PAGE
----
Page:Popular Science Monthly Volume 80.djvu/309

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FLORENTINO AMEGHINO

spirit. Some of his work, indeed, appears hasty and ill-considered, and its value seriously marred by a partisan and contentious maintenance of theoretic conclusions which most paleontologists have found it impossible to accept. Ameghino regarded the age of the later formations of Argentina as much greater than his confrères in Europe and North America could admit, and maintained views in regard to the phylogeny and derivation of the Tertiary faunæ, which, however skilfully defended, are not likely to find acceptance. But these peculiarities of theory and temperament should not blind us to the immense value and interest of his discoveries, nor to the vast learning and indefatigable industry with which they were brought before the scientific world. Nor should they prevent due meed of admiration to his enthusiasm and energy and sincere love of science. It is pleasant to record that even in his earlier years he had won his way to the high respect and honor of his fellow citizens and to an admittedly high standing abroad. He occupied for a time the chair of zoology and comparative anatomy in the University of Cordoba, and in 1886 was appointed secretary and sub director of the La Plata Museum, but resigned this post two years later owing to differences with the director, Señor F. P. Moreno, and for ten or twelve years afterwards seems to have held no important official positions. In 1903 when the directorship of the Museo Nacional of Buenos Aires became vacant, Señor Ameghino was appointed to this honorable post. Under his direction the museum has shown great vigor and activity, while his researches bore fruit in a series of publications, now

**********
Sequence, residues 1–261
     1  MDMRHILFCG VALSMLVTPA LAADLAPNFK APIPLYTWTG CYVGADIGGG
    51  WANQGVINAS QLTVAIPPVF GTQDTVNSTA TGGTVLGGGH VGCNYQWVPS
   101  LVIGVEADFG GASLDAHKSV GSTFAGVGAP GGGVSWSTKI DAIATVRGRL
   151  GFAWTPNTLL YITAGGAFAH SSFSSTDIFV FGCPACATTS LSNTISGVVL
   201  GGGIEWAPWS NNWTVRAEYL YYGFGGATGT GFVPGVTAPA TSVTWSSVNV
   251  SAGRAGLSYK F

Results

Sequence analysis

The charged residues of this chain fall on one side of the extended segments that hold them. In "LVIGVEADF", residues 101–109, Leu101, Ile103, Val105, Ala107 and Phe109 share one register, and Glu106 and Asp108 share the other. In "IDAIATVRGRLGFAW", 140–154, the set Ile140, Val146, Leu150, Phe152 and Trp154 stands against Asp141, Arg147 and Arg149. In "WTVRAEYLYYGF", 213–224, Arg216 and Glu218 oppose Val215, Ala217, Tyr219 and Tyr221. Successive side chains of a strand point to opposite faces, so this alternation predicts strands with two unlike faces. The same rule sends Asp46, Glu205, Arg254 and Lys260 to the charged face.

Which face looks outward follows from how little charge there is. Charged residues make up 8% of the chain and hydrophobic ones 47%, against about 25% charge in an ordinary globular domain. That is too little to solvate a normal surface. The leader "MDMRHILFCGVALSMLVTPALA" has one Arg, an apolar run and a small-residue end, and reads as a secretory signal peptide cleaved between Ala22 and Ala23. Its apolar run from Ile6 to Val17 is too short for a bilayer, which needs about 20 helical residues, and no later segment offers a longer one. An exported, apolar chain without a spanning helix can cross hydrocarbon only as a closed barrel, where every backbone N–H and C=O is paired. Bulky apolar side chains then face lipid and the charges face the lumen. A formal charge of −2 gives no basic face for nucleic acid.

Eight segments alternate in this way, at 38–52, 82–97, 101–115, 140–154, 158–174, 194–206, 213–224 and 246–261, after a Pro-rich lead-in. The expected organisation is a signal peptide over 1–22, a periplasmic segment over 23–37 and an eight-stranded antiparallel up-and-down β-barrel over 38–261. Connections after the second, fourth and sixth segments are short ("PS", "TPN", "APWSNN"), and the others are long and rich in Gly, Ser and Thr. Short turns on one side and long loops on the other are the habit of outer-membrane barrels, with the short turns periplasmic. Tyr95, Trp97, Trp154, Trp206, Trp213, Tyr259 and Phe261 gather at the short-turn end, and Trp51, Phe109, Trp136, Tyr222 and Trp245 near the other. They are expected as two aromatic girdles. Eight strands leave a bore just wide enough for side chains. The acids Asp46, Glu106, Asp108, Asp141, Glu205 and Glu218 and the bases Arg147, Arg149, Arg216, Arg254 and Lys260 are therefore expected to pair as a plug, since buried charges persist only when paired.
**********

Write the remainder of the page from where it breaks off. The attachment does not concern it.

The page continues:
PSM V80 D309 Rivadia stationer shop in la plata.png

Fig. 2. The "Rivadavia" Stationer's Shop in La Plata.

Courtesy of Professor W. B. Scott.
From the management of this business Ameghino secured the means to carry on his great researches in Argentine paleontology, and to maintain numerous expeditions 'by his brother Carlos into central and southern Patagonia.